The Nashville metro council passed a resolution this week honoring a group of students who protested the state’s proposed “Don’t Say Gay” bill which would block mention of homosexuality in years K-8.
In discussion the council split over whether the resolution amounted to a vote in support of gay rights, or just commended students for being civically engaged; ultimately 22 members voted to honor the group. But that question also divided some of the students who took part in the protests.
Hannah Deegan graduated this spring from the University School of Nashville. She says anyone who made the effort to get involved merits recognition, regardless of politics.
“I missed my last day of high school, you know? We really gave it our all. And if there were students doing the same thing on the other side, I think they would deserve it too.”
But Ben Kurland, a classmate of Deegan’s who also took part in the protests, argues the resolution wasn’t just a celebration of democracy, but a comment against “Don’t Say Gay.”
“Clearly it’s a politically motivated statement they’re making here. It’s not really about the democracy of the thing. And I think the democracy of the thing is great; I’m not complaining. I’m just saying it’s a cover story for what they’re trying to do.”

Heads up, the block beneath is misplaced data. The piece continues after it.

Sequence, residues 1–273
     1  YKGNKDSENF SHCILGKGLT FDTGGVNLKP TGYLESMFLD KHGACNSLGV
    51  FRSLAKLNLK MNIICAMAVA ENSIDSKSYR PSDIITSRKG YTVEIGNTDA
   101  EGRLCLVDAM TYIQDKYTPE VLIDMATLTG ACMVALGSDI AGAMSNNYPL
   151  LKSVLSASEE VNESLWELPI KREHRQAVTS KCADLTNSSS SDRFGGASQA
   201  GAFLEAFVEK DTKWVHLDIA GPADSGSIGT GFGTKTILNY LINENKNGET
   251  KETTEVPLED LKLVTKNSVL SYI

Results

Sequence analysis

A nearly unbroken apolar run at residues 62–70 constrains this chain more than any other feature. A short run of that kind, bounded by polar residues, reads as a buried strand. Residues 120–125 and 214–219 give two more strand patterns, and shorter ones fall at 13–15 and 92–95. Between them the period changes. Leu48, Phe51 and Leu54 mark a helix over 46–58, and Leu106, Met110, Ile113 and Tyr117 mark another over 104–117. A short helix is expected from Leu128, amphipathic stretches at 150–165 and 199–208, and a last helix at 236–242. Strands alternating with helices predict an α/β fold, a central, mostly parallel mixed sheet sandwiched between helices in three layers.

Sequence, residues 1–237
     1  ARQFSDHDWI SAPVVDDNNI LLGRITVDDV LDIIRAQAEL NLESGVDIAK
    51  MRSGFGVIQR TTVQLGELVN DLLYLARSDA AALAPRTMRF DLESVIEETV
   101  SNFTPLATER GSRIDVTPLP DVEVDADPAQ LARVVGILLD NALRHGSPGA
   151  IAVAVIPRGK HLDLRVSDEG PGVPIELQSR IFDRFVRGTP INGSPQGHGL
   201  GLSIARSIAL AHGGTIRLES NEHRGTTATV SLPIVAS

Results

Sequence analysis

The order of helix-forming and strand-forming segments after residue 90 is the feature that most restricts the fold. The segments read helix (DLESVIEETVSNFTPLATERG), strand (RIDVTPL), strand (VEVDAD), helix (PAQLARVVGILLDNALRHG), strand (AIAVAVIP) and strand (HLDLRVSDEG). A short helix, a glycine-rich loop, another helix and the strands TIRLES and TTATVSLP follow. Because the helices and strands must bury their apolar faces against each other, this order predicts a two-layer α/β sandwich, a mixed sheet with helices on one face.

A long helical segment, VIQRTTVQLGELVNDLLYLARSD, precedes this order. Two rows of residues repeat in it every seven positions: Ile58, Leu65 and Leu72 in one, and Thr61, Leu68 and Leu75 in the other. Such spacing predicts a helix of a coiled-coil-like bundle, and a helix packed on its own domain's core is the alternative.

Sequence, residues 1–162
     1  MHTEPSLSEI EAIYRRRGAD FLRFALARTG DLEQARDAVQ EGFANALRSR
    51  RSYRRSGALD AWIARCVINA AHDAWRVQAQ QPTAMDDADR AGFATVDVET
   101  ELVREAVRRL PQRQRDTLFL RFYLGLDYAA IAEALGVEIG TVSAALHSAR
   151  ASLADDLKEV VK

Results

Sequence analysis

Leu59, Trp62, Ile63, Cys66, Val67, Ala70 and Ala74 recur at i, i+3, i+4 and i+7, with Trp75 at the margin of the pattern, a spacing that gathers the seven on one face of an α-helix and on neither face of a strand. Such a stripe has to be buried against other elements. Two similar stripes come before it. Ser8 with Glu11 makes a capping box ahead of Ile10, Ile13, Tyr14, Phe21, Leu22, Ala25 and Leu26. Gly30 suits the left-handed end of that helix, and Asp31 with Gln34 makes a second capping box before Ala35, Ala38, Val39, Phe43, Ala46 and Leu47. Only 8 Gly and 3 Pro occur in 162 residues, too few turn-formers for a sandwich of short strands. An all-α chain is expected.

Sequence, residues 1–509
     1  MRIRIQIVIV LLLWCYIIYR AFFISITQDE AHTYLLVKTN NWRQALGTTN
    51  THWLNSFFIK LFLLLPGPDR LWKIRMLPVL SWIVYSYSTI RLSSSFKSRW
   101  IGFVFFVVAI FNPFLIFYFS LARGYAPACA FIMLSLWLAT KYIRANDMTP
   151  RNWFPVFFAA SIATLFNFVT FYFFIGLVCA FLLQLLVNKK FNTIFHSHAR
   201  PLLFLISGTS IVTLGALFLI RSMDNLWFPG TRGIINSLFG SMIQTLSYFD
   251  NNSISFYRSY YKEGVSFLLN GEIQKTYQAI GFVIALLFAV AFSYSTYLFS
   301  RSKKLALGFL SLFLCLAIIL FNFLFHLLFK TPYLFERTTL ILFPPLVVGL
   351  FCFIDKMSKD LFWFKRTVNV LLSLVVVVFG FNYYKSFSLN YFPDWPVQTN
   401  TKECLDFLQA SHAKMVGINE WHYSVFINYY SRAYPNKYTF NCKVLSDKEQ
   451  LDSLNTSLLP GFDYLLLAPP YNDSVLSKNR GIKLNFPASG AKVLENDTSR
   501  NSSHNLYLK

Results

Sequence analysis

News Channel 5 notes that James Holin, the sponsor of the “non-binding memorializing resolution,” had tried once before to pass the measure. Those that abstained from Tuesday’s vote, including council member Jim Gotto, say the resolution sets a bad precedent.
Senate Bill 49 and counterpart measure House Bill 229 sponsored by state Senator Stacey Campfield and Representative Bill Dunn respectively, both Republicans from Knoxville, prohibits “the teaching of or furnishing of materials on human sexuality other than heterosexuality in public school grades K-8.” As such, it has been dubbed the “Don’t Say Gay” bill.
The Senate passed the bill in a 20 to 10 vote in May. Added to SB49 was an amendment that would restrict the legislation’s scope to only ban discussion of homosexuality in prepared materials and instruction
The House has yet to take up the legislation and Tennessee’s governor Bill Haslam has said that the controversial bill has stalled and isn’t going to pass. Campfield denies this claim but it does appear the bill’s forward momentum has dissipated.
The Nashville council also passed a measure Tuesday calling on the council’s legal department to issue an opinion on a lawsuit regarding a state law that overturned the metro council’s LGBT-inclusive nondiscrimination ordinance. The non-binding resolution asks the department to file a friend-of-the-court brief arguing in favor of those challenging the state law.